This Land Is Your Land, This Land Is My Land: The Property Rights Movement and Regulatory Takings

This Land Is Your Land, This Land Is My Land: The Property Rights Movement and Regulatory Takings

This Land Is Your Land, This Land Is My Land: The Property Rights Movement and Regulatory Takings

This Land Is Your Land, This Land Is My Land: The Property Rights Movement and Regulatory Takings

Synopsis

The property rights "movement," a coalition of mineral industry actors, anti-government propagandists, and local economic interests, is best viewed as a backlash aimed at regulations associated with environmental protection and public lands conservation policy. Using a combination of interviews and archival research, Olivetti and Worsham examine the interplay between attempts to set the property rights agenda in Congress, the Courts, and at the state level. They find that having failed to take control of the congressional agenda, the movement engages in a vertical shift, focusing its efforts on the states and through state level challenges, the federal courts.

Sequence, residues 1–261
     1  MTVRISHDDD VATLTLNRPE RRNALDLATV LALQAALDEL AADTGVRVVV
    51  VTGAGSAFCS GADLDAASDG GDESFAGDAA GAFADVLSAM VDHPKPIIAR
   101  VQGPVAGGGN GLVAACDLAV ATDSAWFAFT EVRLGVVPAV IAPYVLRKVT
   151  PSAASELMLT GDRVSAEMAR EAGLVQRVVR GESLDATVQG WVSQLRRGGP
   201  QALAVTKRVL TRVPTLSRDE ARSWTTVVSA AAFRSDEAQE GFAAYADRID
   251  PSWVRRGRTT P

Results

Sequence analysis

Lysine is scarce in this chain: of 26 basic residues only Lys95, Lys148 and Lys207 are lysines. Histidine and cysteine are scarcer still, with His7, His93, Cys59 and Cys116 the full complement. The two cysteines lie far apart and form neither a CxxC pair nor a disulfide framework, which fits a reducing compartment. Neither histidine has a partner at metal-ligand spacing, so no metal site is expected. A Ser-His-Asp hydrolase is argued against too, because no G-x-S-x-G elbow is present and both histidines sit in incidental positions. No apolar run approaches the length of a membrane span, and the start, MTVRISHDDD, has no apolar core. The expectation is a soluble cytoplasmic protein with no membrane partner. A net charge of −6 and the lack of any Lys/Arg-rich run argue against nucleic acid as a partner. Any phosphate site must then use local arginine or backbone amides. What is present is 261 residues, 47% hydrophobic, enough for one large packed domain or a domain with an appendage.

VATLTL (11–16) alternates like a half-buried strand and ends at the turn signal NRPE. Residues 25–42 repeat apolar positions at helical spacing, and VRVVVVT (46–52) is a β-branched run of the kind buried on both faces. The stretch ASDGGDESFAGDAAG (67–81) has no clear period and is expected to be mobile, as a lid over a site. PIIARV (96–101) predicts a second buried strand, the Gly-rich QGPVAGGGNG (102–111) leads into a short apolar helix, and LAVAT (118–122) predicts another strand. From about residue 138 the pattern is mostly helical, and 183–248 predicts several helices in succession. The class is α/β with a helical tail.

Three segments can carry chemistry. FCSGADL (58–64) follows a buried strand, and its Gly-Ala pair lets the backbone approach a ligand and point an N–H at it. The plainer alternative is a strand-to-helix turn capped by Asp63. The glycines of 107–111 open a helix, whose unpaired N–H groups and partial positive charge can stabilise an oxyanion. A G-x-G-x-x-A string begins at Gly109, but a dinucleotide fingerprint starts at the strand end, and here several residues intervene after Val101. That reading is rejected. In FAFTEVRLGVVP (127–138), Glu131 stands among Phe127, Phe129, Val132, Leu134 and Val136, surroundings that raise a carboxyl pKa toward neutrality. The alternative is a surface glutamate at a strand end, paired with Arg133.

Excerpt

The right to own property is a fundamental value in the United States, and the rights of the property owner are often considered paramount (Sax 1971; see Epstein 1985, for an extreme example of this argument). Still, the individual right to property is subject to limitations. Government can exercise its police power to control a public nuisance—actions that threaten the public safety and welfare or violate the rights of others—with no compensation due the offender. the power of eminent domain allows the government to seize the property of an individual to serve a vital public interest. in such cases, the right to redress is embedded in the last sentence of the Fifth Amendment, which holds that [no private property be taken for public use, without just compensation.]

The Takings Clause, as this sentence is called, was extended to the states and their local subdivisions by the Fourteenth Amendment to the U.S. Constitution. the Due Process Clause of the Fourteenth Amendment states, [nor . . .

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